Ann Martin

Ann Martin, RN

Med/Surg
Tillamook Regional Medical Center
Tillamook, Oregon
United States

I would like to nominate Ann Martin RN, for the Daisy Award.

In order to nominate someone for the honor of having their picture
posted in a prominent location, and receive the other rewards that come
with being recognized as a Daisy Award winner, there must be a
justification. In order to justify my nomination, I would like to
describe what I believe a Daisy Award winning nurse is, and what
qualities that nurse had in such a way that others could model that
behavior. A patient was brought into the Emergency Department by the
ambulance that had been quite ill for several days. Her two sons found
her in quite a bit of distress and had been trying to take care of her
at home. When they realized that she was not getting better, they
called the ambulance to bring her into the hospital. When she arrived
in the emergency room, her breathing was more of what would be described
as gasping. The usual tests were completed and the ED physician and the
hospitalist were seen standing at the foot of her bed with the two sons,
trying to determine what the best course of action was for her. It was
decided that she needed to be admitted for comfort care, but that there
really was nothing that could be done for her medically to spare her
life. The physicians estimated that at best she would live maybe twelve
hours. The physician turned to me and stated that she did not qualify
for ICU, as all they were going to order was comfort measures, but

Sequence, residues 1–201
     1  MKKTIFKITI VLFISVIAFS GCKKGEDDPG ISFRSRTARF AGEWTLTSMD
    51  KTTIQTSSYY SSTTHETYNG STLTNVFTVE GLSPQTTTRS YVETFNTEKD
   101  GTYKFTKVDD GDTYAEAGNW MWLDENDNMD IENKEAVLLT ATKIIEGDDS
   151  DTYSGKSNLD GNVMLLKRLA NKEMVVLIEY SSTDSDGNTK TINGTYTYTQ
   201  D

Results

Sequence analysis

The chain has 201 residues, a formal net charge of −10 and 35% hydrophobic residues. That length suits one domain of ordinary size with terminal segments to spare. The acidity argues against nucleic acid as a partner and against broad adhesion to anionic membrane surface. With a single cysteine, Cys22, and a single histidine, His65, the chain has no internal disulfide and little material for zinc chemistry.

wanted to know what the situation was on the medical floor. I told the
physician that I had a room reserved where the family could be with her,
and I had asked Ann to come in from home and this would be her only
patient. The physician then relaxed as he stated that was the very best
thing that could happen to this patient and family.

Ann arrived at the hospital as the patient was arriving on the unit.
She set the family at ease as she described how she was going to get her
settled in the room. Ann with the assistance of Chandra not only
cleaned the patient up, but also massaged her with lotion and combed her
hair. When the family entered the room, the patient was as comfortable
as Ann could make her. Ann busied herself getting the family comfortable
in the room, and then obtained snacks and drinks to keep the family
comfortable as they awaited the expected demise of their mother. I
completed all the required paperwork and waited for the call that she
had passed. The call never came. The next morning as I was walking down
the hall, I noted one of the sons leaning over the bed to ask his mother
how she was doing. I heard her high little voice from within her oxygen
mask state, “I’m doing just fine”

I do not know what the long term outcome will be, but it certainly was
not any medical intervention that brought the aging mother to the place
that she could tell her son that she was doing fine. Ann is noted to be
the kind of nurse that can take on the patients with the seemingly
hopeless infections or sores or other conditions people find themselves
in and with her dedication and compassion, do what medicine cannot, and
help them heal. That is why I nominate Ann Martin for the Daisy Award

W.Larry Hamilton